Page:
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There are $6$ points in the plane such that each point is connected to exactly $3$ distinct points. Find the number of all possible pairs. Example : If the points are $\{1,2,3,4,5,6\}$ such that $1$ is connected to $2,3,4$ then, $2,3,4$ will already be connected to $1$, so, you have to find the other two choices for these three numbers. And so on. We have to find all possible $(a,b)$ where $a,b$ represent the connected points like $(1,2), (1,3), \cdots$. Note that $(1,2)$ and $(2,1)$ will be same.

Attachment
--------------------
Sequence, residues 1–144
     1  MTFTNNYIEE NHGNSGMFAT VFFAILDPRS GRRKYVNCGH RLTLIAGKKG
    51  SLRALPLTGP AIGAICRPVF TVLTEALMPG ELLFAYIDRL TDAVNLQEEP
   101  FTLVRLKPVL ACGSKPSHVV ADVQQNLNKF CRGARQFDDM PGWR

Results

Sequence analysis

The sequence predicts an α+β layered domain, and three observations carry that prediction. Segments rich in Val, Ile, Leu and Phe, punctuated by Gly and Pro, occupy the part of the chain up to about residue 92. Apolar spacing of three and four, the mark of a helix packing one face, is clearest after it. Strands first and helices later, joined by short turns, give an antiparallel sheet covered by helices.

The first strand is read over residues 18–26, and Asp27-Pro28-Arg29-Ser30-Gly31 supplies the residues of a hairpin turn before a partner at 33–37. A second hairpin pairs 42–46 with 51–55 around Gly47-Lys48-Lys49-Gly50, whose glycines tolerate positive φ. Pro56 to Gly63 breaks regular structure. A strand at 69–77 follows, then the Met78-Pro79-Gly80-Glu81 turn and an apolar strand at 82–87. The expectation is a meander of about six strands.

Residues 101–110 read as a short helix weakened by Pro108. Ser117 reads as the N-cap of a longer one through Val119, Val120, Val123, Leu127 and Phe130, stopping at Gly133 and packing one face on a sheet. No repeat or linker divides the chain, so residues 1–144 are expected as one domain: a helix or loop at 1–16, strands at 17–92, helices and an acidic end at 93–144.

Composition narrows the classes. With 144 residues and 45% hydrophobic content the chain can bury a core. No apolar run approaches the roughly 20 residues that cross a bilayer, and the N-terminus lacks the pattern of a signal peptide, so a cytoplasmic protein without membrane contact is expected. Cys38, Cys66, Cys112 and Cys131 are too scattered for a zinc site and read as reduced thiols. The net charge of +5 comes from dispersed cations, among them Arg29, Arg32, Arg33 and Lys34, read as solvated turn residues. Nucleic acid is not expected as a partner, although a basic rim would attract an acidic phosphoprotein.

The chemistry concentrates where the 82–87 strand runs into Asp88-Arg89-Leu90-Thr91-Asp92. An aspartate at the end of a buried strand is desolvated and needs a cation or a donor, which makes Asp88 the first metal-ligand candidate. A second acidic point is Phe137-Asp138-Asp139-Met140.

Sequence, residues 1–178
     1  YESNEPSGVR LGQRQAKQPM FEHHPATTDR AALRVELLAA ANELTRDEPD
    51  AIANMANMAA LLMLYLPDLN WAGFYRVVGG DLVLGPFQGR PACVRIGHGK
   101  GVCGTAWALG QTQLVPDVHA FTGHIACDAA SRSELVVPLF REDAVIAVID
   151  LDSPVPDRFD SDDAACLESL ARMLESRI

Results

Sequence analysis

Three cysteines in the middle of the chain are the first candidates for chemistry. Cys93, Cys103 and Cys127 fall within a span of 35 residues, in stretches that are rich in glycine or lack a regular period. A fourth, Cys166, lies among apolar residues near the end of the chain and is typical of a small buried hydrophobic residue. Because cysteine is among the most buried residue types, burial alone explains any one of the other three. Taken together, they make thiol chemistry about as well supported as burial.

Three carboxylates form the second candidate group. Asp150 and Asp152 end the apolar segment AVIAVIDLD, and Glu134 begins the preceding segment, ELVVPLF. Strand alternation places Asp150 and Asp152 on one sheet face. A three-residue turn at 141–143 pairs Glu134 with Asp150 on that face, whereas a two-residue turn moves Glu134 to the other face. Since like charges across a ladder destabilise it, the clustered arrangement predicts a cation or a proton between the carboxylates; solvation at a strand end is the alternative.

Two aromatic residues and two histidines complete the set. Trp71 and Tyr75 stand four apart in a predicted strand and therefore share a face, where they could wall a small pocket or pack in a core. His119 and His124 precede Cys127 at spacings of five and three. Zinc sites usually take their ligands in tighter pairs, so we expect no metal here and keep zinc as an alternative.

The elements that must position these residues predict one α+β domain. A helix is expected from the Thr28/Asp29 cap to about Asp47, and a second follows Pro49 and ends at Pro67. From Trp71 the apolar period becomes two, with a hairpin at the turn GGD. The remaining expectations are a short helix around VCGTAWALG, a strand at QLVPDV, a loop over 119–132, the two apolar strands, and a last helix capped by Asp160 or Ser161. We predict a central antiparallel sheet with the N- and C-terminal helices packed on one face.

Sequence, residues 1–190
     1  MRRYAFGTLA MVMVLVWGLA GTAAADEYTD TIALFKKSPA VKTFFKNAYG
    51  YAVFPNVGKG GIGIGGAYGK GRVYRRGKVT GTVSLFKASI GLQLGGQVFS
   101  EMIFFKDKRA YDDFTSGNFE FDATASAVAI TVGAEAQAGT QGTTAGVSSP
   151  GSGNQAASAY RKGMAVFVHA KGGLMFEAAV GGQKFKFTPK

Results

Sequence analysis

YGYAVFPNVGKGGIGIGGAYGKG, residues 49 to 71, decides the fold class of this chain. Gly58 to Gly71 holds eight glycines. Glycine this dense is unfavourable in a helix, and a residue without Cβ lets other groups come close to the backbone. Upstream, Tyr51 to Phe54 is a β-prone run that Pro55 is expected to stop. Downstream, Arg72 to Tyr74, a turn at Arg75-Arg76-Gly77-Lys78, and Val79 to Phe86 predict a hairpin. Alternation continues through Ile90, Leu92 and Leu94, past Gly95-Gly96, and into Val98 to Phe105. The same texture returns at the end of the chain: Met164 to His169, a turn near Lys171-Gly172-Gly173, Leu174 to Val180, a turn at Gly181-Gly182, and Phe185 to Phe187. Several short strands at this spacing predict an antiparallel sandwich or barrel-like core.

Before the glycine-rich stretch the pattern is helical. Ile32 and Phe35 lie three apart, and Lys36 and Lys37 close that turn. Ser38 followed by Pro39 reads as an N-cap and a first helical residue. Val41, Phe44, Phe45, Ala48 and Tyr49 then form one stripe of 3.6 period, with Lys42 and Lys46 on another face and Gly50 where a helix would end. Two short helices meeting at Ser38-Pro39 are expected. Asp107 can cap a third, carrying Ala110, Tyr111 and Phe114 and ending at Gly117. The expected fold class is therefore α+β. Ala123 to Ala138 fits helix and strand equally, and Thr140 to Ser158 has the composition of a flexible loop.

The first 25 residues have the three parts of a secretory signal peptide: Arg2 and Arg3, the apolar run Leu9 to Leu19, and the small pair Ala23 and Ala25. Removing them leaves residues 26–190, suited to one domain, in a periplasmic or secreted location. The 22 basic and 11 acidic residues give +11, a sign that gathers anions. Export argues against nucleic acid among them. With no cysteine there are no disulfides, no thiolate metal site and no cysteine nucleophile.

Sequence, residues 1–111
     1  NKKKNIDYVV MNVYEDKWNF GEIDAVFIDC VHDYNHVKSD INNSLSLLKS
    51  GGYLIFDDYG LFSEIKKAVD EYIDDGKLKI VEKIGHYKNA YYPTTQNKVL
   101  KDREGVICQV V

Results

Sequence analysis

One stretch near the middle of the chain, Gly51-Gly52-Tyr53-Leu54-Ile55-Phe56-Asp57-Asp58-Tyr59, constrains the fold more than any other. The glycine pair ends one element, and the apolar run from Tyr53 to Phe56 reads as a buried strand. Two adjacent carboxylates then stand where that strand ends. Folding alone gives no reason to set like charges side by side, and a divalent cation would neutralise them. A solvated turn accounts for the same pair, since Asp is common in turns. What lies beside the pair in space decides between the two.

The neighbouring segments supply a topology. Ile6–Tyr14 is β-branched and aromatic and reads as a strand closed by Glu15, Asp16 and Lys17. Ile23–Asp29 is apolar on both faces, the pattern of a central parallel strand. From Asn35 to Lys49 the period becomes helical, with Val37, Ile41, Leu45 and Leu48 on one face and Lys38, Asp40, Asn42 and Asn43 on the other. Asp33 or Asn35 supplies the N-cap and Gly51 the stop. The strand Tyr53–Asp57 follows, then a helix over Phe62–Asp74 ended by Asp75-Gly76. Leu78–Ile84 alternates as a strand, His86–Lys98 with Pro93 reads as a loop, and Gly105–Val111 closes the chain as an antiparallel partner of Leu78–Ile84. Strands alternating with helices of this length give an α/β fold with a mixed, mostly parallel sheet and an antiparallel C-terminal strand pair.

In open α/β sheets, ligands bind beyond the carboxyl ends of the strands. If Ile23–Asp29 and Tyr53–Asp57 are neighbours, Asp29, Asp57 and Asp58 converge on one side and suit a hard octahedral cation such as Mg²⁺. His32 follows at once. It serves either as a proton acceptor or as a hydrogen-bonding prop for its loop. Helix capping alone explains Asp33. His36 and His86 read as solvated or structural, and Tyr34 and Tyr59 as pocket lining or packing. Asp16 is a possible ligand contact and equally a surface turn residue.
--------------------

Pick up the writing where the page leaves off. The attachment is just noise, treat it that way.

My take on the part : I think Principle of Inclusion-Exclusion will be appropriate here but cannot think of a solution using that. Also, by finding all possible choices for a pair $(a,b)$ seems hard. I did a brute force calculation and it seems to be $9$ pairs.

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You are overthinking it. Every point is connected to $3$ points, so we have $6\cdot 3=18$ pairs, but we've counted each pair twice, so there are only $9$.

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  • $\begingroup$ Oops, yes. Thank you! $\endgroup$ – Mathejunior Apr 18 '18 at 2:29

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